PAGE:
Investors in the UK have laid bare their lack of confidence in the retail sector over the last few months with short sells against the sector skyrocketing.
According to new data from legal firm Linklaters, there has been a 66 per cent rise in short positions against high street retailers and retail manufacturers between the beginning of 2015 and the end of 2017.
Short selling is a process where investors make money by betting against stock they expect to decline in value.
The sharp rise in short sells reveals the growing lack of faith in the retail sector, which is currently facing headwinds from multiple directions leading to numerous big-name retailers like Maplin, Toys R Us, Mothercare, Conviviality and New Look to enter financial straits.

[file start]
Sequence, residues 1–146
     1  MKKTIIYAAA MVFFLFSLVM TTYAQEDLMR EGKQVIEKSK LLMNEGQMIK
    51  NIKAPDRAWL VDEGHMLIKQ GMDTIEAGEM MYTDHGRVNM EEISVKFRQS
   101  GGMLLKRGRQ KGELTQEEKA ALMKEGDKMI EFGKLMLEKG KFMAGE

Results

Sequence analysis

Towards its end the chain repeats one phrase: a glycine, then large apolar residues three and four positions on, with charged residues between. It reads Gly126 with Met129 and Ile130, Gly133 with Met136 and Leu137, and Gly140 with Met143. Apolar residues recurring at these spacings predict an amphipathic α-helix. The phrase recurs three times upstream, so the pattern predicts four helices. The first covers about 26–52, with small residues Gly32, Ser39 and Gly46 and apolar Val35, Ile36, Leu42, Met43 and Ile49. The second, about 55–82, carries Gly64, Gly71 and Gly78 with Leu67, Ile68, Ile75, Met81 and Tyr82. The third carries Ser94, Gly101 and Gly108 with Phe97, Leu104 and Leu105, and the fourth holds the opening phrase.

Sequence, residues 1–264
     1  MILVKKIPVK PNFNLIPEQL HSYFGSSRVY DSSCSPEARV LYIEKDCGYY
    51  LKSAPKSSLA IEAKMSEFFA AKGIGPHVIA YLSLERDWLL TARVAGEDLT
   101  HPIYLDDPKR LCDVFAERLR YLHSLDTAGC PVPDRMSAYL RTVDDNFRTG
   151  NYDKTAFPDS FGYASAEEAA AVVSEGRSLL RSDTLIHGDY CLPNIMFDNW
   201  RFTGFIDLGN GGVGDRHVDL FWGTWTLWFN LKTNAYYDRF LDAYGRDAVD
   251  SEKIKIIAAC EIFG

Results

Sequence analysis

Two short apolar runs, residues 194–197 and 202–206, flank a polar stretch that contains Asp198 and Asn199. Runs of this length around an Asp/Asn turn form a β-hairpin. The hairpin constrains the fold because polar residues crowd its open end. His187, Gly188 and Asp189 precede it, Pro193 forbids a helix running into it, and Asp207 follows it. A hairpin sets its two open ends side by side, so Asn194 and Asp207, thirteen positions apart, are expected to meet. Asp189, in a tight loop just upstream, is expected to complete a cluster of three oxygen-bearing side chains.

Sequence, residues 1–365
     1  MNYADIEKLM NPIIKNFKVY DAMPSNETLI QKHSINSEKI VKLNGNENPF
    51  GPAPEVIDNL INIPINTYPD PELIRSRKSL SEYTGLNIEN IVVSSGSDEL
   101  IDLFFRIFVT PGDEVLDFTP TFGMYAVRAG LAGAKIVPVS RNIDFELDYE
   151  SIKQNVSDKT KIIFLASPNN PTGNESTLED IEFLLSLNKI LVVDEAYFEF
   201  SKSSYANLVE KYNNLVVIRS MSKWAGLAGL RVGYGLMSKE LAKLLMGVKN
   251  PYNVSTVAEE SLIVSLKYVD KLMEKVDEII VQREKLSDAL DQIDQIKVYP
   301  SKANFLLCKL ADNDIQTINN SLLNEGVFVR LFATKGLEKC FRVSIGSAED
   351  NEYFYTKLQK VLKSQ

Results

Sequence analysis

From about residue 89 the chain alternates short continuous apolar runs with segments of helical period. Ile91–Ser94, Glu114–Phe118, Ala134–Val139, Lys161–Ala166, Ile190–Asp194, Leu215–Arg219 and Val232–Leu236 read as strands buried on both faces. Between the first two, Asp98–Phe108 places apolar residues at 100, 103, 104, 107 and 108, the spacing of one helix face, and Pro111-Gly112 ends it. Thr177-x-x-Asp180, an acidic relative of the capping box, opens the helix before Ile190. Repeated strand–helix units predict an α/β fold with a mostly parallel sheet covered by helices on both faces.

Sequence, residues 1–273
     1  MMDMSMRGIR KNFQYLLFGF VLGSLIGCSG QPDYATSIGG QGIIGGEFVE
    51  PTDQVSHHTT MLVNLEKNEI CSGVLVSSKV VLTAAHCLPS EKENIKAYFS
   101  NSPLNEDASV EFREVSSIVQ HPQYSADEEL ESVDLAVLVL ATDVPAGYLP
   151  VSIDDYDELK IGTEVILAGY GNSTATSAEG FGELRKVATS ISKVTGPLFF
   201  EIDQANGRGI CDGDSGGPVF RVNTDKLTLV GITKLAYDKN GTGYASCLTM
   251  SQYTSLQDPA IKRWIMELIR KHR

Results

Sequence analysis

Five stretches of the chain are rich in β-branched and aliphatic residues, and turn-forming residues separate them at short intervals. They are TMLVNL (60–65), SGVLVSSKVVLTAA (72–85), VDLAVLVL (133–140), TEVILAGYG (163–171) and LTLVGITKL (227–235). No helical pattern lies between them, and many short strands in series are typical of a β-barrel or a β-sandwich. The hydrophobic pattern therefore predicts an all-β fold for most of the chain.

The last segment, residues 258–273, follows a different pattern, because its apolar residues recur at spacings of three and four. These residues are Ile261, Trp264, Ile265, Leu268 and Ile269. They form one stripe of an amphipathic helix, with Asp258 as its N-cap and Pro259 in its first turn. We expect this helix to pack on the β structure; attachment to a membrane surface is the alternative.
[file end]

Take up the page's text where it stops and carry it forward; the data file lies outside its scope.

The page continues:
At the end of 2017, 32 per cent of all short positions were against consumer companies.
In the first few months of 2018 this has risen to 34 per cent.
“Given the cyclical nature of retail and consumer, it’s no surprise that consumer companies have consistently been most shorted, but the sheer volume of short position reporting gives a clear indication for how things might develop in the sector in the coming months,” Linklaters restructuring partner Richard Hodgson said.